Some big scientific discoveries aren’t actually discovered. They are borrowed. That’s what happened when scientists enlisted proteins from an unlikely lender: green algae. Cells of the algal species Chlamydomonas reinhardtii are decorated with proteins that can sense light. That ability, first noticed in 2002, quickly caught the attention of brain scientists. A light-sensing protein promised the power to control neurons — the brain’s nerve cells — by providing a way to turn them on and off, in exactly the right place and time.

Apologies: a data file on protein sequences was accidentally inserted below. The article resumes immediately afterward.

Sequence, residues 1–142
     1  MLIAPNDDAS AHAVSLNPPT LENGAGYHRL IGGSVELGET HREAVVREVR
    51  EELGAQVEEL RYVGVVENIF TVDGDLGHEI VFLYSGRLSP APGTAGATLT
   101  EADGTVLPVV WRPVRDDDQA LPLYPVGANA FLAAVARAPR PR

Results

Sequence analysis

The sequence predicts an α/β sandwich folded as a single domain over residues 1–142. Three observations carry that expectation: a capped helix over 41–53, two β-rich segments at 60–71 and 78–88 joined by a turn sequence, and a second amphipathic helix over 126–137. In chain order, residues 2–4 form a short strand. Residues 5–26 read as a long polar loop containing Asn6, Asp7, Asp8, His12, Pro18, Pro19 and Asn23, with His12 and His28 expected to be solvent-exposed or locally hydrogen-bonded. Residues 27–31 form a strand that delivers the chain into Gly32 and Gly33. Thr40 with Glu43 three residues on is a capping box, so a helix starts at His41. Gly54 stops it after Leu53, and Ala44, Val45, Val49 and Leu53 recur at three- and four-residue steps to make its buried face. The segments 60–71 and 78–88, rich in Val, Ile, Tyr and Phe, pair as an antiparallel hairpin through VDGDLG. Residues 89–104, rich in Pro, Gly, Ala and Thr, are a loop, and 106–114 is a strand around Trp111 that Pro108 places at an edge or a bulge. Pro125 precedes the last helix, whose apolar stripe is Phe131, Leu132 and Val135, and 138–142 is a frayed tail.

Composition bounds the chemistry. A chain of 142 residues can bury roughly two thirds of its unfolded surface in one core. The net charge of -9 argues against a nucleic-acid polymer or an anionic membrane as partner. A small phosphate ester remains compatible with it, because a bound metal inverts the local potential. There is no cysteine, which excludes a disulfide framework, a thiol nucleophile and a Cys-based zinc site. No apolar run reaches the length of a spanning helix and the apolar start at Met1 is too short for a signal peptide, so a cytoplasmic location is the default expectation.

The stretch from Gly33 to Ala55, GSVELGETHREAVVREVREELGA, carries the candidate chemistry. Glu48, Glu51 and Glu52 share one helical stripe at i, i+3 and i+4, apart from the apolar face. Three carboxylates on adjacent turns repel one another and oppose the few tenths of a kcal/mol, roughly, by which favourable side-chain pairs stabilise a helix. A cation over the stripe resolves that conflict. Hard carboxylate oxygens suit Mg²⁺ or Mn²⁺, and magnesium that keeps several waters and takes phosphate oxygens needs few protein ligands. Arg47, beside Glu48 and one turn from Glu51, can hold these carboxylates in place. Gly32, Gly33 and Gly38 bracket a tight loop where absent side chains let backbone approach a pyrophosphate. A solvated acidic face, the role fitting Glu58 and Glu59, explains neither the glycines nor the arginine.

Nerve cells genetically engineered to produce the algal proteins become light-controlled puppets. A flash of light could induce a quiet neuron to fire off signals or force an active neuron to fall silent.
“This molecule is the light sensor that we needed,” says vision neuroscientist Zhuo-Hua Pan, who had been searching for a way to control vision cells in mice’s retinas.
The method enabled by these loaner proteins is now called optogenetics, for its combination of light (opto) and genes. In less than two decades, optogenetics has led to big insights into how memories are stored, what creates perceptions and what goes wrong in the brain during depression and addiction.